Muddy legal battle to the end
t’s the scandal that keeps costing money. The federal government will now have to pay former prime minister Jean Chretien $200,000 toward his legal costs fighting the sponsorship inquiry findings.
Make that the taxpayers will pay - after being shafted for mega-millions for a scheme that proved the beginning of the end of the Liberal reign in government.
You could almost see this final bit of icing coming, considering the way Chretien’s turn on the stand was played out at the inquiry in 2005. As infuriating as the kickback scheme was, it’s not surprising the former prime minister would fight to the end to show he was thrust in a bad light by Justice John Gomery during the proceedings.
Chretien and his late chief of staff, Jean Pelletier, were fighting the conclusion by Gomery that, whether or not they knew about the kickback scheme, the two bore some responsibility in not having safeguards in place.
That might have been fair comment from the justice. But he went further. He commented to the media about “juicy” evidence to come. He described signature-embossed golf balls Chretien had given out as “small-town cheap.”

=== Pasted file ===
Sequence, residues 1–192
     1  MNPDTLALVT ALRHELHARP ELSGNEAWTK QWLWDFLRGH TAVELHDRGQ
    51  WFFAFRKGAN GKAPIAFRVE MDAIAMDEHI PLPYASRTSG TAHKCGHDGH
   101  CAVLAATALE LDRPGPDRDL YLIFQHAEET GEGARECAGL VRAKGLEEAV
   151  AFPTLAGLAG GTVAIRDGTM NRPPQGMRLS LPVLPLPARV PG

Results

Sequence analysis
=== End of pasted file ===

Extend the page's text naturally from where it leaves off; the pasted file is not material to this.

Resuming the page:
In the midst of hearings, that’s not the kind of thing that stacks up confidence in a judge’s impartiality.
Little wonder Chretien would fight back - an issue of legacy, it’s not unlike former Conservative prime minister Brian Mulroney fighting tooth and nail to keep his reputation intact over dealings with German businessman Karlheinz Schreiber.
Spokespersons for the Conservatives say taxpayers will be upset by this latest chapter, the reimbursement to Chretien. Doubtless they will, but it’s been such a long, convoluted affair, starting with the pro-federalist publicity campaign in Quebec that started it all, through the ensuing kickbacks and then the warts on the inquiry, it’s hard to say where to start getting angry.
At any rate, the affair helped some lawyers from going hungry. Very seldom is the public the winner.